Mises on 100-Percent Reserve Banking

Economists debate whether Ludwig von Mises advocated free banking or 100 percent reserve banking. This debate is significant. Mises states, “the institution of credit expansion … may be called the most important economic problem of our age.”1 Given this statement, he must have viewed the solution to the problem as an extremely serious matter. Free bankers insist that Mises’s solution was free banking. In reality, Mises advocated 100 percent reserve banking.

On June 14, 1912, Mises published his seminal work The Theory of Money and Credit. In that book, Mises shows that fractional reserve banking has four fundamental economic consequences:

1. Fractional reserve banking causes price inflation.

2. Fractional reserve banking causes wealth redistribution.

3. Fractional reserve banking is the cause of systemic banking panics.

4. Fractional reserve banking is the cause of the business cycle.

Mises advocates the legal prohibition of fractional reserve banking in The Theory of Money and Credit. Specifically, he recommends legislation that extends Peel’s Act of 1844 to bank deposits. This “legislative prohibition” would establish a rigid 100 percent reserve for all future notes and deposits.

Fiduciary media are scarcely different in nature from money … Hence, they should logically be subjected to the same principles that have been established with regard to money proper; the same attempts should be made in their case as well to eliminate as far as possible human influence on the exchange ratio between money and other economic goods…. Now it is obvious that the only way of eliminating human influence on the credit system is to suppress all further issue of fiduciary media. The basic conception of Peel’s Act ought to be restated and more completely implemented than it was in the England of his time by including the issue of credit in the form of bank balances within the legislative prohibition.2

In 1913, Mises published a paper called The General Rise in Prices in the Light of Economic Theory. This was his first major paper on money and banking after The Theory of Money and Credit. He concludes,

As I have explained [in The Theory of Money and Credit], there is a serious danger for the future of the individualistic organization of the economy in the development of fiduciary media; if the legislature does not put some obstacle in the way of its expansion, an unrestrained inflation could easily come about, the destructive effects of which cannot really be imagined. Even if we ignore this, as yet, not immediate threat, there is sufficient risk from the very nature of the system of fiduciary media…. it would be desirable to put an end to the artificial expansion of fiduciary media. It would not only slow down the rate of devaluation [price inflation], but it would also be the best way of preventing economic crises.3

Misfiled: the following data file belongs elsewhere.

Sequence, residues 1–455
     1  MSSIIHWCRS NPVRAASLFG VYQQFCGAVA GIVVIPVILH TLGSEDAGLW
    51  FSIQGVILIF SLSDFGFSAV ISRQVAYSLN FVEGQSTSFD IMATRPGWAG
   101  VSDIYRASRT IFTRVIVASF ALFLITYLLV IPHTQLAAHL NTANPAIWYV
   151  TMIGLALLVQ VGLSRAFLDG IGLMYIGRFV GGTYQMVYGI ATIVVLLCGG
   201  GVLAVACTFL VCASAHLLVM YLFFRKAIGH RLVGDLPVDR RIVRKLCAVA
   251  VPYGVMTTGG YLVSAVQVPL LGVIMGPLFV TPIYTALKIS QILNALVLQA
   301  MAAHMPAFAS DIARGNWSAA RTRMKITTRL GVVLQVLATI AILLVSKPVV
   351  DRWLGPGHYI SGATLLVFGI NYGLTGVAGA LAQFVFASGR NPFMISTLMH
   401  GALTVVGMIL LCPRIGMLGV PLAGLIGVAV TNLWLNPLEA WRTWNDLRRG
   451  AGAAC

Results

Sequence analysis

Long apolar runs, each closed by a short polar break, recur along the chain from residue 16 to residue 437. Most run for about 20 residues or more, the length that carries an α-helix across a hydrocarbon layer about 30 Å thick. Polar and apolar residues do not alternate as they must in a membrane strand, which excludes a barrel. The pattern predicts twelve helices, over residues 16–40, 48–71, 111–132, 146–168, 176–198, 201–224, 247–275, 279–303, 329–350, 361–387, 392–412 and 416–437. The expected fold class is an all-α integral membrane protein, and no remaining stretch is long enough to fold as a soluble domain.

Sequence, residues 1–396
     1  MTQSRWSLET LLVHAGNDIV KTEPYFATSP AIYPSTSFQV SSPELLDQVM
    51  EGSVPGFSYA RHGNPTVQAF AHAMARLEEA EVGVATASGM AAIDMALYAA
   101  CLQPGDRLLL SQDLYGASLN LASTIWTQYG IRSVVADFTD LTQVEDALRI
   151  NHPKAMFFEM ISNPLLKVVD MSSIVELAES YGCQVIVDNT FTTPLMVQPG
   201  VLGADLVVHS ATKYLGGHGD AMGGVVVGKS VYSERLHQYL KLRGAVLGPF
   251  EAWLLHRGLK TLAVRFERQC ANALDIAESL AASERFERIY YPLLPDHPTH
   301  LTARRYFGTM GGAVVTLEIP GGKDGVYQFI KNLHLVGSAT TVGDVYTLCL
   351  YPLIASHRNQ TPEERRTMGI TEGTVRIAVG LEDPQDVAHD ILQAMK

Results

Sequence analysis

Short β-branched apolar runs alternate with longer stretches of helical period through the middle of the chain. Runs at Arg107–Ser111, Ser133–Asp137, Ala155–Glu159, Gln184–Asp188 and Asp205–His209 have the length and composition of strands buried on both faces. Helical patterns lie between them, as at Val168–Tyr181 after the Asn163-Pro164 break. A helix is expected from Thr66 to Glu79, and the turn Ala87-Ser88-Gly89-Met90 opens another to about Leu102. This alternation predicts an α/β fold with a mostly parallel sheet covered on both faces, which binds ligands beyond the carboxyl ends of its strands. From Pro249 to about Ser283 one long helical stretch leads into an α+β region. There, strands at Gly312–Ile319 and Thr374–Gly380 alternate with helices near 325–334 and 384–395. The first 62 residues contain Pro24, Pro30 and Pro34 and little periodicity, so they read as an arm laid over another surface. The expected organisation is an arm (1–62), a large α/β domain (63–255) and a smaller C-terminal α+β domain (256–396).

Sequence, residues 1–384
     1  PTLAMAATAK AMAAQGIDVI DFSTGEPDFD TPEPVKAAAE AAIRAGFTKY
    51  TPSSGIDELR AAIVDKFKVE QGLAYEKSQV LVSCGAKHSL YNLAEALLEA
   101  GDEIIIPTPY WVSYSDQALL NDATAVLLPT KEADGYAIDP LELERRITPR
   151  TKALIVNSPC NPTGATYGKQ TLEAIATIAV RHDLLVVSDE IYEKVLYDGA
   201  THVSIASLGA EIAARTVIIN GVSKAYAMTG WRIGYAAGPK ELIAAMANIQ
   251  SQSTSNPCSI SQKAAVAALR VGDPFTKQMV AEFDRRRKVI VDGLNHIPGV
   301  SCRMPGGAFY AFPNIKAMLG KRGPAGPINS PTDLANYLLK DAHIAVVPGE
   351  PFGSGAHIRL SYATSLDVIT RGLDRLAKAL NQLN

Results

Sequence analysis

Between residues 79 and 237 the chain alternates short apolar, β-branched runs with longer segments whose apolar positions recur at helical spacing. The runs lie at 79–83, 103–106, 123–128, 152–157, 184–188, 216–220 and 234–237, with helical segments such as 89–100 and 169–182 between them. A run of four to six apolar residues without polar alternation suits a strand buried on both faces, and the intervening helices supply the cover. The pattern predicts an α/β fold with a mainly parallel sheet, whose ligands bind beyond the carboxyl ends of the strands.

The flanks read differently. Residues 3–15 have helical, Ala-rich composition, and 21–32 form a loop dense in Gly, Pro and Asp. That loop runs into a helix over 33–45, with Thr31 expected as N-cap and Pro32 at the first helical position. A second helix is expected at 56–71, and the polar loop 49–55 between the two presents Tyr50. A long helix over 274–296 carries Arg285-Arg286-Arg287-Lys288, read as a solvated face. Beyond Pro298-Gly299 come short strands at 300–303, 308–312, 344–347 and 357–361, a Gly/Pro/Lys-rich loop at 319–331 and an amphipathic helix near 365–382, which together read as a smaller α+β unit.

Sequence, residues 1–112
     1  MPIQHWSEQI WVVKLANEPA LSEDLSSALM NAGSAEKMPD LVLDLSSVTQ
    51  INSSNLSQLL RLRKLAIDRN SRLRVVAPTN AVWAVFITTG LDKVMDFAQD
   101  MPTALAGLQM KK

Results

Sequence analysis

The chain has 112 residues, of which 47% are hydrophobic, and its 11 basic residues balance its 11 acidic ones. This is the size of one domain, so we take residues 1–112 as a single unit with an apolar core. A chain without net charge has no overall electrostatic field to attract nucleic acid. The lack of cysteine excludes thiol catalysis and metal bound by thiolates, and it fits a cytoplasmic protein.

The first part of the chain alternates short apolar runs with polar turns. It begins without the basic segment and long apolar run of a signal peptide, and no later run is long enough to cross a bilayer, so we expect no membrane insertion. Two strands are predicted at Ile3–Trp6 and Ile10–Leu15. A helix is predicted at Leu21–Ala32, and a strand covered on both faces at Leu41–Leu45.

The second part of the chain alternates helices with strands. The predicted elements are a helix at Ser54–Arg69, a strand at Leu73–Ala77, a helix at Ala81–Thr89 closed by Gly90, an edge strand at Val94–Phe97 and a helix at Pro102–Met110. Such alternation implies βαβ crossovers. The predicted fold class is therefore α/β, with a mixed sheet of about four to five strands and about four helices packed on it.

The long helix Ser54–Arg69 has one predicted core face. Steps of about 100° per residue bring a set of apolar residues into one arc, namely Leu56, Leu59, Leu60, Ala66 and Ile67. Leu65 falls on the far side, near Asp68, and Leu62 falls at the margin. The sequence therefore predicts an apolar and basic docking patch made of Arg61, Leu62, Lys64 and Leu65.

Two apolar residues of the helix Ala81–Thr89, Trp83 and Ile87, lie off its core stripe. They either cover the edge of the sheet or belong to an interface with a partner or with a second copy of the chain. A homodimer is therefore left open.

Mises makes three significant points in this neglected passage. First, Mises considered fractional reserve banking a serious danger to capitalism. This was a constant theme in all his writings on money and banking for five decades. Second, Mises thought the “legislature” should “put an end” to fractional reserve banking. In other words, he wanted limitations on fractional reserve banking to be enshrined in law. Third, he notes that putting an end to fractional reserve banking will prevent the business cycle.

Germany and Austria experienced hyperinflation after the First World War. In 1923, Mises was invited to write an expert report on monetary stabilization. His report was titled Stabilization of the Monetary Unit – From the Viewpoint of Theory. Following The Theory of Money and Credit, his proposal was based on Peel’s Act.

The bedrock and cornerstone of the provisional new monetary system must be the absolute prohibition of the issue of any additional notes not completely covered by gold…. There must be absolutely no expansion above this maximum under any circumstances…. As may be seen, this constitutes acceptance of the leading principle of Peel’s Bank Act.4

In 1928, Mises wrote a long piece called Monetary Stabilization and Cyclical Policy. Like The Theory of Money and Credit, this paper recommends the legal prohibition of fractional reserves by extending Peel’s Act to bank deposits. Moreover, he argues that eliminating the business cycle is essential, and 100 percent banking alone will eradicate destructive booms and busts.

The most important prerequisite of any cyclical policy, no matter how modest its goal may be, is to renounce every attempt to reduce the interest rate, by means of banking policy, below the rate which develops on the market. That means a return to the theory of the Currency school, which sought to suppress all future expansion of circulation credit and thus all further creation of fiduciary media .… it means the introduction of a new program based on the old Currency school theory, but expanded in the light of the present state of knowledge to include fiduciary media issued in the form of bank deposits…. That would mean a complete reorganization of central bank legislation. The banks of issue would have to return to the principles of Peel’s Bank Act, but with the provisions expanded to cover also bank balances subject to check…. By this act alone, cyclical policy would be directed in earnest toward the elimination of crises.5